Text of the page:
Source
Int Arch Occup Environ Health. 2012 May;85(4):381-7
Date
May-2012
Language
English
Publication Type
Article
Keywords
Absenteeism
Bullying
Denmark
Female
Humans
Job Satisfaction
Prospective Studies
Risk
Risk factors
Sex Offenses - statistics & numerical data
Sick Leave - statistics & numerical data
Social Behavior
Violence - statistics & numerical data
Abstract
To investigate associations between acts of offensive behaviour (threats, violence, bullying, and unwanted sexual attention) and risk of long-term sickness absence for eight or more consecutive weeks among female staff in the Danish elder-care services.
These associations were investigated using Cox regression analysis. Data consisted of a merger between Danish survey data collected among 9,520 female employees in the Danish elder-care services and register data on sickness absence compensation.
Compared to unexposed employees, employees frequently exposed to threats (HR = 1.52, 95% CI:1.11-2.07), violence (HR = 1.54, 95% CI:1.06-2.25), and bullying (HR = 2.33, 95% CI:1.55-3.51) had significantly increased risk of long-term sickness absence when adjusting for age, job function, tenure, BMI, smoking status, and psychosocial work conditions. When mutually adjusting for the four types of offensive behaviours, only bullying remained significantly associated with risk of long-term sickness absence (HR = 2.26, 95% CI: 1.50-3.42). No significant associations were found between unwanted sexual attention and risk for long-term sickness absence.
Results indicate that prevention of threats, violence, and bullying may contribute to reduced sickness absence among elder-care staff. The results furthermore suggest that work organizations must be attentive on how to handle and prevent acts of offensive behaviour and support targets of offensive behaviours.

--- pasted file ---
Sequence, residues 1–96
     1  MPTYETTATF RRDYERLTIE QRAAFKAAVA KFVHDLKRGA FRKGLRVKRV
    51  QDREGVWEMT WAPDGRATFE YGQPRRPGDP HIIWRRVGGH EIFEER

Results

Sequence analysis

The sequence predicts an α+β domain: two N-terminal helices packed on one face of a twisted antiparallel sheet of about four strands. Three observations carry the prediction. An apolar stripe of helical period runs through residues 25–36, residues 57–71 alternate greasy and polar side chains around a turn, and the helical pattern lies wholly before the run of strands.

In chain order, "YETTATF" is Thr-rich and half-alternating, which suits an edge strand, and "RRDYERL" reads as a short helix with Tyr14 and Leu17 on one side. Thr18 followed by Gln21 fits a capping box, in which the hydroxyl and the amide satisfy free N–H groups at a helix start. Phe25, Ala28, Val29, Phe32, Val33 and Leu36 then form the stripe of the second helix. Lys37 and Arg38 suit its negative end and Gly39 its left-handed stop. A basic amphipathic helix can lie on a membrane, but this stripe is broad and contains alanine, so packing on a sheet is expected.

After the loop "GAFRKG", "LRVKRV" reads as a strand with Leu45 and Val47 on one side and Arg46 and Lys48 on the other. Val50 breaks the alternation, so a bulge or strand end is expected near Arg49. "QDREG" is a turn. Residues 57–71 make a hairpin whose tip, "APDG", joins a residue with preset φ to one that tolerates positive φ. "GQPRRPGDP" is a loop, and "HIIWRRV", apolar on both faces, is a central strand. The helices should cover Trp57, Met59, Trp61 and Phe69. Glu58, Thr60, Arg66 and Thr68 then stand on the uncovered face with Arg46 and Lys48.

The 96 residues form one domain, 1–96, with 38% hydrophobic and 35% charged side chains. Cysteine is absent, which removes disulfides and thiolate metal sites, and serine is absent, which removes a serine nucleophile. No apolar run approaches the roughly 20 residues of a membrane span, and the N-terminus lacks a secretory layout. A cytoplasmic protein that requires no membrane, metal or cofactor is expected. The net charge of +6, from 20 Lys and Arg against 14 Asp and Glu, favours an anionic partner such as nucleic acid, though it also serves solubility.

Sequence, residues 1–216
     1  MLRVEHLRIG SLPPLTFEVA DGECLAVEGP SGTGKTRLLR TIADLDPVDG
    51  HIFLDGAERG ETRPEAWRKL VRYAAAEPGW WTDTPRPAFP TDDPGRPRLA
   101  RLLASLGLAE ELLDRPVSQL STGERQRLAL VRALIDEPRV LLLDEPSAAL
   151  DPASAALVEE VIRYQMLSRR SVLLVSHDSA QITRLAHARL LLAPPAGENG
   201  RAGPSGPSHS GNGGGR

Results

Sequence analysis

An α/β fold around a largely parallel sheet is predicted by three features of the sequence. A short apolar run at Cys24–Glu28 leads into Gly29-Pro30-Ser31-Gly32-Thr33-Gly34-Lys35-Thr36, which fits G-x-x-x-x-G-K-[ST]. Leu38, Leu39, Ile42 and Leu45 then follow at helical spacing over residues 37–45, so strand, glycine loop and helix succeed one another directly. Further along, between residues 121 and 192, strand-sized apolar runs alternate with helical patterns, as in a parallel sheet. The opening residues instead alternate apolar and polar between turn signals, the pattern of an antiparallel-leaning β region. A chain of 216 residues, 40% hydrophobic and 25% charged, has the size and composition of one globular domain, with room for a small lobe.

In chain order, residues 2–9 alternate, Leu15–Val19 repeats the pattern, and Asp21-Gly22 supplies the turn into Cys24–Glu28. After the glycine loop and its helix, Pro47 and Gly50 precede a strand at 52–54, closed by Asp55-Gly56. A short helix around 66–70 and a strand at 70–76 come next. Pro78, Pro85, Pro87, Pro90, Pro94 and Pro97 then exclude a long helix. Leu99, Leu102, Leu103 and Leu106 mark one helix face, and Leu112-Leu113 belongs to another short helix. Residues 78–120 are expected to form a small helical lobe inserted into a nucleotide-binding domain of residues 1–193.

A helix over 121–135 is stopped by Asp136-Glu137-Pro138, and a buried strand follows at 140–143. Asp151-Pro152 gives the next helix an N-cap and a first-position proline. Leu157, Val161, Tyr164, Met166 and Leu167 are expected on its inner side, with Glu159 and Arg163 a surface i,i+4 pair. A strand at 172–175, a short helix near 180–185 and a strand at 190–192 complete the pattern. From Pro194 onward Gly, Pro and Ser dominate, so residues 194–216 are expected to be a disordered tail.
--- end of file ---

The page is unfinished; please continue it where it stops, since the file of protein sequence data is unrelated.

PubMed ID
21769454 View in PubMed
Less detail

Actuarial assessment of sex offender recidivism risk: a cross-validation of the RRASOR and the Static-99 in Sweden.

https://arctichealth.org/en/permalink/ahliterature192052
Source
Law Hum Behav. 2001 Dec;25(6):629-45
Publication Type
Article
Date
Dec-2001
Author
G. Sjöstedt
N. Långström
Author Affiliation
Division of Forensic Psychiatry, Karolinska Institutet, Stockholm, Sweden. gabrielle.sjostedt@neurotec.ki.se
Source
Law Hum Behav. 2001 Dec;25(6):629-45
Date
Dec-2001
Language
English
Publication Type
Article
Keywords
Actuarial Analysis - methods
Adolescent
Adult
Aged
Follow-Up Studies
Forensic Psychiatry - statistics & numerical data
Humans
Male
Middle Aged
Regression Analysis
Reproducibility of Results
Retrospective Studies
Risk Assessment - methods
Risk factors
Sensitivity and specificity
Sex Offenses
Sweden
Abstract
We cross-validated two actuarial risk assessment tools, the RRASOR (R. K. Hanson, 1997) and the Static-99 (R. K. Hanson & D. Thornton, 1999), in a retrospective follow-up (mean follow-up time = 3.69 years) of all sex offenders released from Swedish prisons during 1993-1997 (N = 1,400, all men, age > or =18 years). File-based data were collected by a researcher blind to the outcome (registered criminal recidivism), and individual risk factors as well as complete instrument characteristics were explored. Both the RRASOR and the Static-99 showed similar and moderate predictive accuracy for sexual reconvictions whereas the Static-99 exhibited a significantly higher accuracy for the prediction of any violent recidivism as compared to the RRASOR. Although particularly the Static-99 proved moderately robust as an actuarial measure of recidivism risk among sexual offenders in Sweden, both procedures may need further evaluation, for example, with sex offender subpopulations differing ethnically or with respect to offense characteristics. The usefulness of actuarial methods for the assessment of sex offender recidivism risk is discussed in the context of current practice.
PubMed ID
11771638 View in PubMed
Less detail

[Acute neurotic reactions in children as a result of violent (pedophilic) acts].

https://arctichealth.org/en/permalink/ahliterature247073
Source
Sud Med Ekspert. 1979 Jul-Sep;22(3):47-9
Publication Type
Article

416 records – page 1 of 42.